Catastrophic Breakdowns

When have you been on a trip and had a catastrophic breakdown that left you stranded?

Two events this week, that have brought up this issue. The first is friend Justin Brogan, with his Defender 127, and five days of clutch and fuel starvation trouble, finally called in the tow truck. His breakdowns began in northern Botswana.

Second was a FaceBook friend. He is looking for a replacement for his Defender as he wants more comfort. When the Toyota shouts arrived, he rejected them outright, recounting what sounds like a torrid experience of a Cruiser breaking down five times in Namibia.

I have had a few.

  • Range Rover. 1984. Namibia. Electrical fault caused engine to stop. Followed by carburettor failure causing engine to stop running some more.
  • Range Rover. 1986. Botswana. Oil pump failure. Towed home from Francistown to Joburg, about 1000 kms.
  • Range Rover 1987. Water sucked through broken diff-lock actuator vacuum pipe while launching a boat. The V8 was destroyed. I rebuilt it myself and a great learning curve began.
  • Mercedes G-Wagen 290GD. 2001. Johannesburg. ECU packed up. Caused by the immobilizer that was fitted at Mercedes’ insistence. But the ECU has its own immobilizer. And the two systems got chatting, had a fall out and stopped the car. So Mercedes SA loaned me a vehicle for the trip I was going on.
  • Mercedes G-Wagen 290GD. 2002. Cape Town. Fuel starvation. Engine in limp-mode. Not clear on the exact cause.
  • Mercedes G-Wagen 290GD. 2002. Long distance drive. Turbo-charge failure. (due to bad maintenance. My fault) Another huge learning curve.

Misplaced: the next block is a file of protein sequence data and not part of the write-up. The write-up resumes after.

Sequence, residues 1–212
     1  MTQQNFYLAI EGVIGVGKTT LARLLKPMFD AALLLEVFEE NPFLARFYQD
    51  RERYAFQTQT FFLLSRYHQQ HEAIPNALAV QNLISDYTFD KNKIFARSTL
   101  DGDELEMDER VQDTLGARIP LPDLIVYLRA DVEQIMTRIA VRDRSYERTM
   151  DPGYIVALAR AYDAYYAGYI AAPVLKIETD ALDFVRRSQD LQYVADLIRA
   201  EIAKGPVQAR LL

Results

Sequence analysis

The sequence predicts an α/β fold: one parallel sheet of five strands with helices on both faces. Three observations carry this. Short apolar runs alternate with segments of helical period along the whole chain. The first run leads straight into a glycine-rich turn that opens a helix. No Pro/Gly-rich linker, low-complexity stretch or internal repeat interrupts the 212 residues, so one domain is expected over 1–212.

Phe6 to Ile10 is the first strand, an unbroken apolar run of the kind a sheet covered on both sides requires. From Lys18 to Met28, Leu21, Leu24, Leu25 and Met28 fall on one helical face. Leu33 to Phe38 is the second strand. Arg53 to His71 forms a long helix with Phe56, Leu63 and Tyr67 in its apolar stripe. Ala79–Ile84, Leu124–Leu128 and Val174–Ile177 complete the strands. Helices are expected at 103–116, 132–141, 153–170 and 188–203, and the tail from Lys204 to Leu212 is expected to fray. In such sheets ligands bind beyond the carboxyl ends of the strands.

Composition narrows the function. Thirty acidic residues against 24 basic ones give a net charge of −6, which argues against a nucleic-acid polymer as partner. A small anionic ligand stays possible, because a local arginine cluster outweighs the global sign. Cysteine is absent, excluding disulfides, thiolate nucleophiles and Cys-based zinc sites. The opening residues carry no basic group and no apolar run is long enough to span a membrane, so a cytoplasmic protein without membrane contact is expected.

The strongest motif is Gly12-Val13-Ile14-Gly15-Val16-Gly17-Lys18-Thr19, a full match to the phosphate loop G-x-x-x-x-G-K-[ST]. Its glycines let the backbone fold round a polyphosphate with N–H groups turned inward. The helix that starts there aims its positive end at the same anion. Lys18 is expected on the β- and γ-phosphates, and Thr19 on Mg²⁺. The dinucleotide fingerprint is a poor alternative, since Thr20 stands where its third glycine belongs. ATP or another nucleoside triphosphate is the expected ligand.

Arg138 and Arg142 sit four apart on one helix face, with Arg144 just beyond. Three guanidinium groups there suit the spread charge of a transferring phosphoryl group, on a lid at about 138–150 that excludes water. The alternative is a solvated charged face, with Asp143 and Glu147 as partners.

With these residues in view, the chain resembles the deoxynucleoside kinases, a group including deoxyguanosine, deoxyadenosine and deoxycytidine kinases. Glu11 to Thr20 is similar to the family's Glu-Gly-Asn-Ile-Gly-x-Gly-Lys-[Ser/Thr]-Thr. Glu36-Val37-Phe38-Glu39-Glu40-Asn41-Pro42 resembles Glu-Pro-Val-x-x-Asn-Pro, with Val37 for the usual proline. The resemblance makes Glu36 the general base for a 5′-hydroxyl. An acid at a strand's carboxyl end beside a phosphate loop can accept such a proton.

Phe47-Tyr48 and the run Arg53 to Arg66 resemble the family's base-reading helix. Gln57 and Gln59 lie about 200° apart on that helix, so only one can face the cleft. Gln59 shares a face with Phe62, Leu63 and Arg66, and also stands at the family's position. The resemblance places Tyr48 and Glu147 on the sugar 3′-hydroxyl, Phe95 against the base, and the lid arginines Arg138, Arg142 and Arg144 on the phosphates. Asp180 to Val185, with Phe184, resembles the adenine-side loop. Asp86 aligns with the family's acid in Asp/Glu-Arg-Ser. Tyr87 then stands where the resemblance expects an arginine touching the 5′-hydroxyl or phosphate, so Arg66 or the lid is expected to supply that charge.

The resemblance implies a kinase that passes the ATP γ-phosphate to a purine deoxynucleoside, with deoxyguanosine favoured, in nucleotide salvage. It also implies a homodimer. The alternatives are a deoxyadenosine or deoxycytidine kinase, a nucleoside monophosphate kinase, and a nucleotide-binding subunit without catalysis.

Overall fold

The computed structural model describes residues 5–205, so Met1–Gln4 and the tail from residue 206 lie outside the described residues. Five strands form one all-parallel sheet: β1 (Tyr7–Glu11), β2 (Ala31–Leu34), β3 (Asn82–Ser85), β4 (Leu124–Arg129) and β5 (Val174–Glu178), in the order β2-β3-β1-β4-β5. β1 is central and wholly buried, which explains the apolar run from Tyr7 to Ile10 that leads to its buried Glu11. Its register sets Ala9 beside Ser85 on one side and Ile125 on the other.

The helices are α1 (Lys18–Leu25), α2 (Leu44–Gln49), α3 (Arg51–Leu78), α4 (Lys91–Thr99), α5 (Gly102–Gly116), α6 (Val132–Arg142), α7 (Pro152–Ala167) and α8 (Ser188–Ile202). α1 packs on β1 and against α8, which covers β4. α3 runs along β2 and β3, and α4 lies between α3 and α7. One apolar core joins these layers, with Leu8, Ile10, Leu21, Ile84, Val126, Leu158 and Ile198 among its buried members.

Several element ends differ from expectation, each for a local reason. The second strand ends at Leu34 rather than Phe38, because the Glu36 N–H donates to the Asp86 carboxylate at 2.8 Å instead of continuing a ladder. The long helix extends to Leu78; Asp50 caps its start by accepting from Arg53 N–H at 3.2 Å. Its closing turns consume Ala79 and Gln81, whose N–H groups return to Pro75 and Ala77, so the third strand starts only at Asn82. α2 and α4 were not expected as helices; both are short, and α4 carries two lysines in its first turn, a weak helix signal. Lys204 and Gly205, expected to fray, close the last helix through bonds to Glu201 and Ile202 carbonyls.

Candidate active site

• Toyota Land Cruiser, 4,2 diesel, Cape Town, near my home. Immobilizer failure.

I personally have also had triumphs. The longest, most arduous trips I have been on have been on, were in my first Range Rover, my Defender 110 V8 and my several Land Cruisers.

Looking back since at my first 4×4 purchase in 1982, of the ±12 major trips done in the Range Rover, only two were completely breakdown-free. My Defender was great. Similarly, on the 12 or so trips, probably half of them were fraught with worries about the mechanicals. My two G-Wagens were fantastic, but I would not rate it highly when it comes to reliability. They both gave me trouble and both required far more maintenance that any of my Toyotas.

I am now on my fifth Land Cruiser. Of all of my trips, perhaps the most arduous, have been done in these. One had a smoky engine, caused by bad injector timing, one shed an air-conditioner fan-belt, and the same one a year later, shed a alternator fan-belt, but because it has duel-redundancy, I caught it on a regular morning inspection. The immobilizer breakdown happened just three days prior to my Angola, Okavango 66-day expedition, and the Toyota dealership was worse than useless. I managed to get it started and drive it there. They then wasted the next hours looking for the ECU. In frustration I ended up yelling at the service manager, that if he would just listen to his customer, he might actually get somewhere. I was trying to explain that that Land Cruiser doesn’t have an ECU, but who would listen to a dumb customer? Right? The day ended well. I called my wife who brought down my tool box, and I leapt under the bonnet, having deduced that it had to be the immobilizer at fault. I performed an immobilizerectomy and the engine ran again.

And that is the sum total of my history of major, brain damaging breakdowns. And that is why at this stage of my life I rather like Land Cruisers. I trust them more than others. They give me the same thrill as my Land Rovers, and even my G’s once gave me. And, I don’t want to spend any more weekends fixing my 4×4. I spent the ‘80s doing that, and that is enough for one lifetime.

But surely it is not about the brand, or which faceless corporate giant built your 4×4. It’s about one’s private personal experience, and the thrill a great 4×4 can give.

 

Andrew

4x4 breakdowns

Engine replacement therapy for my 1971 Range Rover